Learning patterns/Building a community around gender gap issues
What problem does this solve?
In 2018 the francophone Wikipedia was producing 29 % of women bios and the project les sans pagEs had successfully been launched in June 2016, attracting new contributors and engaging senior contributors. These were good results, but not enough to ensure a sustained long term effort towards reducing the gender gap.
The main problem identified was that the francophone territory doesn't train and welcome new contributors that understand gender gap issues. We had noticed from the two past projects that it is important to have regular face to face and online activities to foster interest and start making a significant impact online, and this kind of engagement only existed in Geneva, with one-off editathons in other cities, but held by the same Geneva team. We intended to replicate the same engagement in 4 new locations and try to make them sustainable.
What is the solution?
We wanted to share the knowledge gained in the Geneva project to encourage the takeoff of 4 new locations:
Nantes (FR) Paris (FR) Grenoble (FR) Sion (CH)
We worked on our sustainability through participation to large-scale, international Wikipedia events: that way, les sans pagEs learned from international experience and shared its experience with other language editions of Wikipedia.
Finally, we build a website, initially we wanted to showcase gender gap analyses and resources to make Wikipedia a better place for everyone and help new people contribute. This website was to include our press coverage. We were very ambitious to start with, our main focus was to make each location independant.
Things to consider
- make a flexible budget if you are going to fund local groups as volunteers who are willing to take local leadership on the top of contributing are scarce and can burn out for various reasons. You have to be able to shift finances from one group to the other easily. Otherwise, the stress or reporting can add to the stress of not being able to complete local objectives and other emmerging groups might get frustrated in not being able to obtain finances due to the way the budget was planned.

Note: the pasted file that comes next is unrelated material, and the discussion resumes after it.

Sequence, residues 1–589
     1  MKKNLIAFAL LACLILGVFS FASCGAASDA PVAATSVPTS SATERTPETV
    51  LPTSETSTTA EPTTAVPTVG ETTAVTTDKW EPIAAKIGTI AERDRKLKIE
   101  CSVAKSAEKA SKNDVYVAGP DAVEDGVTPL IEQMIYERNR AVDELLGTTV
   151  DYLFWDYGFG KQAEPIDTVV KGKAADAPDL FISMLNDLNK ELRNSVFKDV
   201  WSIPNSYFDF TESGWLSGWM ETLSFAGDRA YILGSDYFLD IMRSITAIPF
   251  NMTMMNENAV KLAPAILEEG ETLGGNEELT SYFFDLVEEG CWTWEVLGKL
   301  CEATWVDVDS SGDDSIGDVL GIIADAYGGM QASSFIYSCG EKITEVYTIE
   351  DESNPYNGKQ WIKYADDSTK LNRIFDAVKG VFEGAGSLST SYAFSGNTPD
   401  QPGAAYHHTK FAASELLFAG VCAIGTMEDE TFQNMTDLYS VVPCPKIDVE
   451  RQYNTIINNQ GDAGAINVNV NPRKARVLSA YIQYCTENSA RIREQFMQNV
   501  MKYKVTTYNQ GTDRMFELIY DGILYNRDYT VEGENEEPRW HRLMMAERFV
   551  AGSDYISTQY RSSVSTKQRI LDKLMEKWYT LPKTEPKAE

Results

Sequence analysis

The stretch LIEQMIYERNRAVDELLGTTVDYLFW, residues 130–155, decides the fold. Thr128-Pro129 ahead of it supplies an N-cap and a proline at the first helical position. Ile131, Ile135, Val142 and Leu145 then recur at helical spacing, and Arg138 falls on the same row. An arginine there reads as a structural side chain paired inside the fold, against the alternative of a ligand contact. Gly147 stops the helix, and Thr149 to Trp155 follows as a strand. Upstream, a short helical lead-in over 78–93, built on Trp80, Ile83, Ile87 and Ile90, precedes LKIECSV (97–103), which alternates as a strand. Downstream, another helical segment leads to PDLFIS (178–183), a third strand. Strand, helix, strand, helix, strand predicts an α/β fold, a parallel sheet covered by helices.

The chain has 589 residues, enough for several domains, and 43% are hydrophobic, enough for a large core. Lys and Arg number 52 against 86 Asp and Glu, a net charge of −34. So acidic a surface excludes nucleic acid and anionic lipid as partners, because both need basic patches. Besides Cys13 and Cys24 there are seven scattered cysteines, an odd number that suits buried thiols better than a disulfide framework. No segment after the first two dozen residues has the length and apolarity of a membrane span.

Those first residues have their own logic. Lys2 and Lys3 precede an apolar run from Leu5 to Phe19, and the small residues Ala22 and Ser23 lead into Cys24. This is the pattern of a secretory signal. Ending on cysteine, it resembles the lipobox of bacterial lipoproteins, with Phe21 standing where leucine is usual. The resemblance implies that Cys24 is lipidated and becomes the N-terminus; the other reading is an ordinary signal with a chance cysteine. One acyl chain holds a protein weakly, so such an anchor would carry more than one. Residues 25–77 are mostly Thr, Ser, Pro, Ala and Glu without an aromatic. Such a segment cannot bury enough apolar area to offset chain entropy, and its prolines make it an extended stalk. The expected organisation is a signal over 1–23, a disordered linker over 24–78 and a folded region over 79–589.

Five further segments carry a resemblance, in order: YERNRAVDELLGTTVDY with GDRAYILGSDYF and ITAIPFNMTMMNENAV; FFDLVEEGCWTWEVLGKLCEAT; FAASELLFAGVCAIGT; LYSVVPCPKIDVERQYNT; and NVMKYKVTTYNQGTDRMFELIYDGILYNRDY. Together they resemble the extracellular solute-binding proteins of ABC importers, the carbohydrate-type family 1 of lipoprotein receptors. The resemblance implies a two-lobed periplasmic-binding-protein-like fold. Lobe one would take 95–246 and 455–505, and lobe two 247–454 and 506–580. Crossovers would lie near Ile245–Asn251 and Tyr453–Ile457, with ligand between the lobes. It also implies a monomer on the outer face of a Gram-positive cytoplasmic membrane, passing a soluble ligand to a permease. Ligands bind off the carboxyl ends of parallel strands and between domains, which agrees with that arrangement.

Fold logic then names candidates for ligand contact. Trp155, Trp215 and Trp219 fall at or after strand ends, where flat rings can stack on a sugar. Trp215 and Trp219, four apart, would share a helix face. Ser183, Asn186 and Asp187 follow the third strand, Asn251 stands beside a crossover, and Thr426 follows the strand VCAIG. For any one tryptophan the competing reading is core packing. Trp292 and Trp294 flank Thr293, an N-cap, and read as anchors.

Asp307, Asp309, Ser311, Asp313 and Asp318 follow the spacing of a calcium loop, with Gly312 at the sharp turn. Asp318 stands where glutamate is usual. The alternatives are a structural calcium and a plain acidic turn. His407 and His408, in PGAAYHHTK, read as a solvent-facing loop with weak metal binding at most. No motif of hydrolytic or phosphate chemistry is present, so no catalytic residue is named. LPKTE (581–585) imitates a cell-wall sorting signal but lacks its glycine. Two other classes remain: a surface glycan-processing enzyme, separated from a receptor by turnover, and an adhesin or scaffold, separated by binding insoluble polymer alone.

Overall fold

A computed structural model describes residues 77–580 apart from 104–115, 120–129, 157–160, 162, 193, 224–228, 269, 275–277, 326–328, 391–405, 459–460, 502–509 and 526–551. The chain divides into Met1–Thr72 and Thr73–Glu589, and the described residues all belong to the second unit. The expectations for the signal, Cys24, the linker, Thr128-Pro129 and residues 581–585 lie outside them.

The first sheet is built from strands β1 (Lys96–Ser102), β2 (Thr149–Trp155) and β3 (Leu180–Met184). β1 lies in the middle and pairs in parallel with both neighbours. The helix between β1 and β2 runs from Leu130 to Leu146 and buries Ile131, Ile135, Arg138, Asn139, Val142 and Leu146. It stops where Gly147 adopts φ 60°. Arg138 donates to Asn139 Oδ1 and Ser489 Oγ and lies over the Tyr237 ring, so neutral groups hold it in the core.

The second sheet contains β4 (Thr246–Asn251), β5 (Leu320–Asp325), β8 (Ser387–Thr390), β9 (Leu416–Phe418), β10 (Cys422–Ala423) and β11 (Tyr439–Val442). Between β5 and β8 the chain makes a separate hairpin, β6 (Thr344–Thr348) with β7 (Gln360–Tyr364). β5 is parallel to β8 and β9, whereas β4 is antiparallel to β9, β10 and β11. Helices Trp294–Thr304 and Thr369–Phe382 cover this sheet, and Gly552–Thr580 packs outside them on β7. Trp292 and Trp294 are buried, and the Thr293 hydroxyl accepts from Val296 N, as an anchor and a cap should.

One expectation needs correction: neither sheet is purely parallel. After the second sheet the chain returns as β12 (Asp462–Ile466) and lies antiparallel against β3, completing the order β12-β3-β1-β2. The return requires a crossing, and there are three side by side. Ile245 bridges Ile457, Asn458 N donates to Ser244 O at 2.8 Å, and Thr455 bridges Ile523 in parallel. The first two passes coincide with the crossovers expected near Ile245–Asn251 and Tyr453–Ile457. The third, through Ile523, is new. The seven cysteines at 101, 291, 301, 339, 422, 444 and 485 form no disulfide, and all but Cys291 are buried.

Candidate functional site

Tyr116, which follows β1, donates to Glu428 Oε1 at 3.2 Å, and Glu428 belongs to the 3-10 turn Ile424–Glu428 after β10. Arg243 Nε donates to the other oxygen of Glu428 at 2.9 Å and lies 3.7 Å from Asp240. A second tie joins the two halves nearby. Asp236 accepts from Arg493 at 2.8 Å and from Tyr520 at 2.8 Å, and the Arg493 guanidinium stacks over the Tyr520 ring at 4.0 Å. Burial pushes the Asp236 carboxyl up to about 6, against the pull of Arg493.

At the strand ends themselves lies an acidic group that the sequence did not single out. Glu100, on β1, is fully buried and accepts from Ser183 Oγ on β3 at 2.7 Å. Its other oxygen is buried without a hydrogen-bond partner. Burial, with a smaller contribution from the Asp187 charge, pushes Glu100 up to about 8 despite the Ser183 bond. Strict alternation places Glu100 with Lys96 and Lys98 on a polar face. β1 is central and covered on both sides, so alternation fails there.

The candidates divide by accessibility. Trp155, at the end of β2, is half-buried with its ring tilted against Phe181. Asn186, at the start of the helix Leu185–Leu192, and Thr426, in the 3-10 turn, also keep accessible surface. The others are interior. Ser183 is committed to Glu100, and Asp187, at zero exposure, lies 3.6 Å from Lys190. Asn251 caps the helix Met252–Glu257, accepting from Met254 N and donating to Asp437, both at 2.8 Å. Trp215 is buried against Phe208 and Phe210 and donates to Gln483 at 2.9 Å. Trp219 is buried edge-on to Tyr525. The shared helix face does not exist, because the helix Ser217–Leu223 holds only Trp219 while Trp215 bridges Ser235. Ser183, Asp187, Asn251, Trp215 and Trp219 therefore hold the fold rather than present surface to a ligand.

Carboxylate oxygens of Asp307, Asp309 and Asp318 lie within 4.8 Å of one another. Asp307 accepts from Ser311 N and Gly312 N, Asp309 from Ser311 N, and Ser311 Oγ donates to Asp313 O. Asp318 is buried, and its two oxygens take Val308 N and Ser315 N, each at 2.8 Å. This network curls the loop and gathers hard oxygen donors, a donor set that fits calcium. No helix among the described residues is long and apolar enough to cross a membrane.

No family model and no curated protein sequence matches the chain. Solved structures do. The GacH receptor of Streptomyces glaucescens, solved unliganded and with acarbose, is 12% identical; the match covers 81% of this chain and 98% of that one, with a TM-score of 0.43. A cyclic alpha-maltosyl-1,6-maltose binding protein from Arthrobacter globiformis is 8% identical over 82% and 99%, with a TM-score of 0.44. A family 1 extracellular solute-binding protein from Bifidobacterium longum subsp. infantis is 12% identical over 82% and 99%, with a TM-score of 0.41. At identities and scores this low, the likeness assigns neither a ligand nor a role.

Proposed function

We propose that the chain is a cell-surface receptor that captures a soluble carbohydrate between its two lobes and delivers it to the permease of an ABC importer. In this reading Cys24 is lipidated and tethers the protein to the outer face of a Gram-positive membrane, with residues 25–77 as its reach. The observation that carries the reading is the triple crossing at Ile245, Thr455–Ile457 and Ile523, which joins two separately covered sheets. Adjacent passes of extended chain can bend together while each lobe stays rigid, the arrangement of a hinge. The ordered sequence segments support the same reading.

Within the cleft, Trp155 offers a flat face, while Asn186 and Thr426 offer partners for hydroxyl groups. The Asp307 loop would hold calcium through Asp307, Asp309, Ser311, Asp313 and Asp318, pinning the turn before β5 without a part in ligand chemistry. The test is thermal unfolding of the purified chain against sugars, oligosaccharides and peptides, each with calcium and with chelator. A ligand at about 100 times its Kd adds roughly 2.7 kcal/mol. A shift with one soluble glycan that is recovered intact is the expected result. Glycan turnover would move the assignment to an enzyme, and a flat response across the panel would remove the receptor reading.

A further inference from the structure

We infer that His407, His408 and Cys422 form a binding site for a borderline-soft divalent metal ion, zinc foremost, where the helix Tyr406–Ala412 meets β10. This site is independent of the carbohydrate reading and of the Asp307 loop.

- management fees are badly needed as the time for reporting adds up to that of organizing, planning and operating a grant .
- Women facilitators all report the need to be paid for their managementand organization skills.
- training is needed for project management, tracking and reporting and these kind of projects gnerat a trickle down effect that has a huge impact on future potential nwe projects and leaders.
- conflicts of interest are better solved if a project allready has a clear definitions of its values and the way it wants to handle events and reporting. We planned to clarify these aspects in the following years by structuring best practices, adopting our own code of conduct.
- there is no small contribution and volunteers need to be adressed with care and concern. Having financial distributing power has to be balanced with a clear assessment of local project goals and objectives.
- It is better to focus on leaders who approach you for help and are motivated than to try to convince a local group which for various reasons does not have the will or the time to conduct events.
- a geographical approach needs to be coupled with an on wiki developement approach for an optimal impact contentwise. Don't neglect networking with online project communities as this can help ensure the recognition of the work done by the project.
When to use
Use this learning pattern if after a first successful project grant you are reflecting on how to continue and make the first steps towards building a community of members.